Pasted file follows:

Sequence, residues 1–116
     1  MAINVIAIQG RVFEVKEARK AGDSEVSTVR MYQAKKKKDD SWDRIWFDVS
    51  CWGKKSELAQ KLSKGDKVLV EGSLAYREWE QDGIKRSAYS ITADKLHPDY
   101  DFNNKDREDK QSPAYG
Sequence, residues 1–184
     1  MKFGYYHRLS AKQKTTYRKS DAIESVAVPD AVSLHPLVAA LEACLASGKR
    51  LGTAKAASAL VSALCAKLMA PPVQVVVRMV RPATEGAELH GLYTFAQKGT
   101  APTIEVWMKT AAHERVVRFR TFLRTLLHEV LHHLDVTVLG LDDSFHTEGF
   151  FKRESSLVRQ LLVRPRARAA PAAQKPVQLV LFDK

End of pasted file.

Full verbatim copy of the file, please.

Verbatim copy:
Sequence, residues 1–116
     1  MAINVIAIQG RVFEVKEARK AGDSEVSTVR MYQAKKKKDD SWDRIWFDVS
    51  CWGKKSELAQ KLSKGDKVLV EGSLAYREWE QDGIKRSAYS ITADKLHPDY
   101  DFNNKDREDK QSPAYG
Sequence, residues 1–184
     1  MKFGYYHRLS AKQKTTYRKS DAIESVAVPD AVSLHPLVAA LEACLASGKR
    51  LGTAKAASAL VSALCAKLMA PPVQVVVRMV RPATEGAELH GLYTFAQKGT
   101  APTIEVWMKT AAHERVVRFR TFLRTLLHEV LHHLDVTVLG LDDSFHTEGF
   151  FKRESSLVRQ LLVRPRARAA PAAQKPVQLV LFDK